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A Film Critic Re-Emerges to Watch In the Heights the Way It Was Meant to Be Seen

After 424 days away from the movie theatre it's time to be alone in the dark again


In the Heights

Cinema is not just films. It's an experience. An environment. A communal but extremely individual moment – or, as I stepped back into a theatre for the first time in 424 days, a place of reunion.

424 days. That was the longest I'd gone without being in a cinema since the day in 1978 when I sat down to watch Star Wars (the original, no chapter numbers or modifiers) and became devoted to the glowing screen and the rattle of the projector. Back in March of 2020, like everyone else I thought that we'd be out of theatres for a few weeks. With the devastating word that South by Southwest would be canceled and my plan to spend two weeks in darkened spaces ignoring people evaporating, I'd crammed in a last couple of screenings on the weekend that would have been the SXSW curtain-raiser (a cast-and-crew screening for indie dramedy Shithouse, and a last-minute Sunday afternoon showing of Val Kilmer's one-man tribute to Samuel Langhorne Clemens, Cinema Twain). Ever since then it had been screeners and drive-ins – both wonderful in their own way, but nothing quite like the immersive nature of a darkened cinema. The underpowered bulb, the somewhat balanced sound, the vague whiff of old popcorn.

But the last year has called for being sensible. When the theatres closed the day after that last afternoon in the reclining seats, I stayed home. Even with partial reopenings here and there, I stayed home. Even as the situation looked bleak for the continued existence of the cinema, with chains and locations closing, I stayed home. No vaccine, no screen.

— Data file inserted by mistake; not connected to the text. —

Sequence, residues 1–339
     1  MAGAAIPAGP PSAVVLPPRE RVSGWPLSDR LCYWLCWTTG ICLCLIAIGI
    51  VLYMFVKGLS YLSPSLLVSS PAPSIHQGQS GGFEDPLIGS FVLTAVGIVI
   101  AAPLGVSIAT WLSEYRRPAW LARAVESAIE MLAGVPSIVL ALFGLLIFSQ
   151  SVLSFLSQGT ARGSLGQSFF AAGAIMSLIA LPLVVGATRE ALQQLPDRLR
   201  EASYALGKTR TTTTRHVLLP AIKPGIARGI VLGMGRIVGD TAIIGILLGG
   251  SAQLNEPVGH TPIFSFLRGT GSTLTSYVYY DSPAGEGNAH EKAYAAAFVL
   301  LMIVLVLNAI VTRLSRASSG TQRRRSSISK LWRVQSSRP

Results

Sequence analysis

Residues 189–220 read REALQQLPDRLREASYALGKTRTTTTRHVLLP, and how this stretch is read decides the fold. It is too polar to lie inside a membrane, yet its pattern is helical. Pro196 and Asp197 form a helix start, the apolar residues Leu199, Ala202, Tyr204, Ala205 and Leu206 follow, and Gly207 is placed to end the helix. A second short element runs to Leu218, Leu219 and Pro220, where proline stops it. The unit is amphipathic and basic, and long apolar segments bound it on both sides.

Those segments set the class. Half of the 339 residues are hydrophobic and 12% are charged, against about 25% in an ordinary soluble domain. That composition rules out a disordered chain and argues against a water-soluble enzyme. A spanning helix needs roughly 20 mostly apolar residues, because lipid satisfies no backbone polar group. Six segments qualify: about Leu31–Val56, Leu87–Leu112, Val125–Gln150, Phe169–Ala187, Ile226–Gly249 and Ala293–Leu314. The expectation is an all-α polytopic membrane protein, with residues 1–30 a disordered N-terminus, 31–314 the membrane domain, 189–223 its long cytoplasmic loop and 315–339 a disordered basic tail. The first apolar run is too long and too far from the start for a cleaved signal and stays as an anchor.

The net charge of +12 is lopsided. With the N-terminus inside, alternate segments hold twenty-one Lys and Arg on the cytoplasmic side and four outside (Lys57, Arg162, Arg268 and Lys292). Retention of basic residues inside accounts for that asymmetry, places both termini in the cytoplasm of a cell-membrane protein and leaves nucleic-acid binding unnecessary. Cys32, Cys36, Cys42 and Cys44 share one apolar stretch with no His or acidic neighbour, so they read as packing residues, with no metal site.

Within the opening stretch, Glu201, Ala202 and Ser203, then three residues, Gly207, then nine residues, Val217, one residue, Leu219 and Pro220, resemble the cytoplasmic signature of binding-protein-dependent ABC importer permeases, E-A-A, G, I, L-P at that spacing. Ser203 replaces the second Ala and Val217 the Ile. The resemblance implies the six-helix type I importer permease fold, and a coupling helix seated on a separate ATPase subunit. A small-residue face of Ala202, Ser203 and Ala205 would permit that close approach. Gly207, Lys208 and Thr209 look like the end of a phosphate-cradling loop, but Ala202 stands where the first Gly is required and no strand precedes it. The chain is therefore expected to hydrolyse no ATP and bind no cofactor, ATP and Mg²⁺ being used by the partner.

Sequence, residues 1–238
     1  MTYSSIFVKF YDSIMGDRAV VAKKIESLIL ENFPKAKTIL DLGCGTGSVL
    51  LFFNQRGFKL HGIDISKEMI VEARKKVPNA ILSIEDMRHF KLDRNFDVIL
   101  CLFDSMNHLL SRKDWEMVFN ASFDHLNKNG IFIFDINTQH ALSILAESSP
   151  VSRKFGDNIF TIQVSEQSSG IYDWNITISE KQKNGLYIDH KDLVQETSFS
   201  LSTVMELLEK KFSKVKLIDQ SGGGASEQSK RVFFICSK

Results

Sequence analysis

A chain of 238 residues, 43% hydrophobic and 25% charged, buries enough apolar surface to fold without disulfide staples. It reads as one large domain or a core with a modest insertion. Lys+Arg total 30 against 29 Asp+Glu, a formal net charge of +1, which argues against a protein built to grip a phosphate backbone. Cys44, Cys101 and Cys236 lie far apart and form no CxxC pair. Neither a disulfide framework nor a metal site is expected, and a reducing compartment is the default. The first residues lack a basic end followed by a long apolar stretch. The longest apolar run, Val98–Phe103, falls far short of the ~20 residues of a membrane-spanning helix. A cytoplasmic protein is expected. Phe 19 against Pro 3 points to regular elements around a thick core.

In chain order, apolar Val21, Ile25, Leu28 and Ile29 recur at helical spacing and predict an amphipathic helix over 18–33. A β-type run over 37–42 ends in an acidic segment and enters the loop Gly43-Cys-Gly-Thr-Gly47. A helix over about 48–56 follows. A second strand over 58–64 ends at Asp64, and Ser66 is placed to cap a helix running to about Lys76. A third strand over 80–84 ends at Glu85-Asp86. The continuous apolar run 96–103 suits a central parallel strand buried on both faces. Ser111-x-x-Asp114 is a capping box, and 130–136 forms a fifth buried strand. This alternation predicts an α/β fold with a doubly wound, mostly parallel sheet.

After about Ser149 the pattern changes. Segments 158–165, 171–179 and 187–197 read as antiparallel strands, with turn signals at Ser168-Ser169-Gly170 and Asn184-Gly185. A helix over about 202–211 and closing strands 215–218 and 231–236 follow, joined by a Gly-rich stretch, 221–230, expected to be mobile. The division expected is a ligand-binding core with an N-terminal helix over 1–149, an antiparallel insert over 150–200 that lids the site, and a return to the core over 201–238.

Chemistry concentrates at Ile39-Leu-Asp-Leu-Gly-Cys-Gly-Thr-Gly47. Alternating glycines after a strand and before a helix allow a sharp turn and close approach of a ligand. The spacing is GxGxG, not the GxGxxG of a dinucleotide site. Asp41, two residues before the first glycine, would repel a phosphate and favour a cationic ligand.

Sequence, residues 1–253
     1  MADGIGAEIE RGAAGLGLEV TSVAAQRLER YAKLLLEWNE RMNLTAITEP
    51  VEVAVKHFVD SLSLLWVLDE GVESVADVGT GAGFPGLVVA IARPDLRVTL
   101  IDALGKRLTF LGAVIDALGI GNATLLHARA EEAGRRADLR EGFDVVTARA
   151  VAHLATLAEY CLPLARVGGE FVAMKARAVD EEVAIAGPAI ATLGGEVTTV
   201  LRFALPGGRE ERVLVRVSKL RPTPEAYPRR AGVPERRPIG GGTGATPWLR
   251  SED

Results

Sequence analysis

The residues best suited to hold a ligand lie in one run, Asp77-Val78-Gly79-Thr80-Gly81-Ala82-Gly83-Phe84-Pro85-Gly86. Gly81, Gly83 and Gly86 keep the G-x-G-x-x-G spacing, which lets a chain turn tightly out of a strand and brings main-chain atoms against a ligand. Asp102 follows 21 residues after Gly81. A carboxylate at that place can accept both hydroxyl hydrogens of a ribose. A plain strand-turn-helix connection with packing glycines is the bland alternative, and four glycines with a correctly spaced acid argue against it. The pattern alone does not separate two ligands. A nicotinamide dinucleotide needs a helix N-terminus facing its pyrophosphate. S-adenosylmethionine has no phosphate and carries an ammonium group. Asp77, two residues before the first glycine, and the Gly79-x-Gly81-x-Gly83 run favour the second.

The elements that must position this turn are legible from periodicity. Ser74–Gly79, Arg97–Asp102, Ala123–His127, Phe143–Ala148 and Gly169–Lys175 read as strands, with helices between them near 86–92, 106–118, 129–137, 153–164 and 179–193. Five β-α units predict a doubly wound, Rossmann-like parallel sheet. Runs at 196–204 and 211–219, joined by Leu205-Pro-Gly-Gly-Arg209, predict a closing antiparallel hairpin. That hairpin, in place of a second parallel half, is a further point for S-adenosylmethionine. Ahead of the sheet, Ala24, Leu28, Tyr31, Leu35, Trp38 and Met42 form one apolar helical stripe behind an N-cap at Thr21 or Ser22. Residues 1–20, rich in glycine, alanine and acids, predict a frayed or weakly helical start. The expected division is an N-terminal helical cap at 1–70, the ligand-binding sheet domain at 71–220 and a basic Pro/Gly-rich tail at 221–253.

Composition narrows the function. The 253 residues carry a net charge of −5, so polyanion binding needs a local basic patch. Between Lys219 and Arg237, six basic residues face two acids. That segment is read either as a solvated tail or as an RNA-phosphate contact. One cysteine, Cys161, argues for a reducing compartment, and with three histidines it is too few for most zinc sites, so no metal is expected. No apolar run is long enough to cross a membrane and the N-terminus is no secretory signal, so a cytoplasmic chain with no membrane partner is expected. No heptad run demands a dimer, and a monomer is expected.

Of course, in the new super-sanitary era, the popcorn smell was gone as I walked into my first in-person press screening in 14 months. That last one was a Tuesday morning outing for violent satire The Hunt, which was a pretty fine note on which to go out. Somehow, coming back for In the Heights was perfect. After all, we're in movie-musical boom times (West Side Story; Dear Evan Hansen; Everybody's Talking About Jamie; Tick, Tick ... Boom!), and In the Heights is a film of spectacle, of scale, of color and motion, of the kind that needs to be seen on the big screen to be fully appreciated. Being in a socially distanced seating situation, buffer seats and all, suited me fine (I like the communal aspect of cinema, but the allure of literal elbow-rubbing leaves me cold). So when the lights went down, the screen lit up, and the first chords of the first song began, I felt ... at home. In the place where the only concerns are paying attention, and blinking once in a while. Where no one was on their phone, no cats would be scrounging food or lap space, and everyone was just facing the same way, waiting for the same cathartic highs and crushing lows, and, yes, just that tiniest whiff of popcorn. Mixed with a few high notes from the cleaning spray, but that unmistakable, cloying, faux-butter odor nonetheless.

As seminal American film critic Carl Sandburg said, the movies are. Damn right they are, and they still are.


Find a movie to watch in theatres or streaming at austinchronicle.com/film.

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KEYWORDS FOR THIS STORY

COVID-19, getting out there, In the Heights

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